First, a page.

Carrot and Leek Soup is not my vision; rather, it belongs to my little boy who also loves to cook. Much like my husband and I love food, our little boy also loves food. He prepares breakfasts on Sunday mornings, and takes great care in the way he scrambles the eggs or chops the fruit for salad. He also spends time in the kitchen with me, that is when he’s not otherwise preoccupied with legos or Lemony Snicket books.
Kids in the Kitchen
Many people ask me how to get their kids to enjoy real foods, and I answered this question in my talk for the Healthy Life Summit, one thing I invariably tell them is to involve children in the growing, selecting and cooking of foods. Choice excites children, and empowers their love of real food. I often set a small amount of our food budget aside for my little boy – to let him select some foods not only for himself, but also for the whole family. This helps him to understand the importance of his choices and how they affect other people.
The Story of My Little Boy’s Soup
The story of this Carrot and Leek Soup began last week. My husband and I had busied ourselves with our last minute work on the farmers market. Too busy to cook, I took my hungry boy to a nearby restaurant for a grass-fed burger – and within a few days we came down with a nasty stomach virus that left us weak, riddled with pain and suffering from fevers up to 103 F. For much of that time, we were unable to eat anything but broth, applesauce, and ginger beer.
As the days of fever and illness wore on and on last week, his frustration with the bland and unsatisfying diet of applesauce and broth increased. On day four, he nestled his head against my shoulder and cried – upset at sickness, upset at fatigue, upset at the lack of decent food. Our nutritional therapist had encouraged soups for the first few days as illness abated, and I offered to him that he could create our next soup, and he created Carrot and Leek Soup with Toasted Mustard Seeds.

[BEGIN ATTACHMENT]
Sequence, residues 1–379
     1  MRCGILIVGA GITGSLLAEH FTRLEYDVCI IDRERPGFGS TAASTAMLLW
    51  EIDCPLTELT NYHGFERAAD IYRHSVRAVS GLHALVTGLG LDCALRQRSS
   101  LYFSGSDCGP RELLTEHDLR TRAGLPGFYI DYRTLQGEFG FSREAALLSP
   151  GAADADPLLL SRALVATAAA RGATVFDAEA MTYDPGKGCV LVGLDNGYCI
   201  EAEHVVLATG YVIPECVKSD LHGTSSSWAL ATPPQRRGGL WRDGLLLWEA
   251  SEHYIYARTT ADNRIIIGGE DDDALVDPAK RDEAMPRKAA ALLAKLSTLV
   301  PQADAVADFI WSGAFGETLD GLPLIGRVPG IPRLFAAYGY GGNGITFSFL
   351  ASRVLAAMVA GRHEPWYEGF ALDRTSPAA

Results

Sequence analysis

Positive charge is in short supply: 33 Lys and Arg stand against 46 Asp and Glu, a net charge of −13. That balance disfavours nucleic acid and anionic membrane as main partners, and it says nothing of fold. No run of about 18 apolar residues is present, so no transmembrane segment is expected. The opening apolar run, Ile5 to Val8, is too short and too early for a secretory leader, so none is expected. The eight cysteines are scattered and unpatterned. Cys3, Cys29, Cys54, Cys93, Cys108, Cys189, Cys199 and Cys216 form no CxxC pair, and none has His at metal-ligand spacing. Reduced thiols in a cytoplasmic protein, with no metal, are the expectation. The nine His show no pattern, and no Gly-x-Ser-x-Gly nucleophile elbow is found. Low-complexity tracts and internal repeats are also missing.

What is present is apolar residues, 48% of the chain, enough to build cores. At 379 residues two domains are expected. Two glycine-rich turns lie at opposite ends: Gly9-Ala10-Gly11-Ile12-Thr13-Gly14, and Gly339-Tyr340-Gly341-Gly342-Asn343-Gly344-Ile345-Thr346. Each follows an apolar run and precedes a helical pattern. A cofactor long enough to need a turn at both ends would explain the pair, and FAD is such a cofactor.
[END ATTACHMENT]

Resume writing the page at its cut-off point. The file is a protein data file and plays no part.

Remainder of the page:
The Flavor Bible
On the first day after our symptoms had largely disappeared, he tore through the refrigerator and my cupboards – pulling out vegetables and spice upon spice. Then I pulled the Flavor Bible off of the book shelf, and we sat together and looked through it for direction. He knew for certain he wanted to combine carrots and leeks, so he flipped through until he reached those sections and looked through once more to see which compatible and complementary flavors they shared in common – toying first with sweet bay before settling on mustard seeds and chives.
The book helped him, as it often helps me, to find compatible flavors when I feel otherwise stuck for ideas. It’s a brilliant book, heavy and complete. The book lists each ingredient, from the mundane to the exotic, alphabetically along with characteristics of the ingredient and a list of complementary flavors that were compiled from the menus of leading chefs. It is a book ripe with inspiration, and is particularly helpful when you may not be familiar with an ingredient – such as one that might appear mysteriously in your weekly CSA box.
After he selected his ingredients, we began cooking together – chopping, sauteing, simmering our way through leeks and carrots, mustard seed and stock for a simple soup, and the first substantial bit of real food we’d enjoyed in days. The flavor of mustard blended beautifully with leeks and carrots, giving the traditionally sweet vegetables a pleasant bit of an acidic edge. And he felt good – nourishing his wrecked little belly’s want for food, and nourishing his sense of self-efficacy and mutual support.
|Carrot and Leek Soup with Toasted Mustard Seeds|| |
- 2 tablespoons mustard seeds (I buy mine here.)
- 1 tablespoon butter
- 1 large leek, white and light-green parts only, sliced thin
- 12 medium carrots, scraped and sliced into ¼-inch thick rounds
- 1 teaspoon unrefined sea salt
- 1½ quarts fresh chicken broth (Get the recipe here.)
- 1 cup whole milk
- sour cream, to serve
- chopped chives, to serve
- Set a heavy-bottomed stock pot (like this one) over high heat. Toss in the mustard seeds, and cover the pot. Allow them to cook in the heat of the stove until you hear them popping, then immediately reduce the heat to medium-low, and stir in the butter. When the butter melts, stir in the leeks and carrots. Sprinkle the vegetables with salt, cover the pot again, and sweat them until the leeks soften and become tender - about 4 minutes.
- Increase the temperature to medium-high, pour in the chicken broth and simmer, covered, for 30 minutes. Turn off the heat. Blend with an immersion blender (I use this one.) until smooth, then stir in the milk. Adjust seasoning with additional salt as you like it, then ladle into soup bowls. Serve with a dollop of sour cream or homemade yogurt and a sprinkling of fresh chives.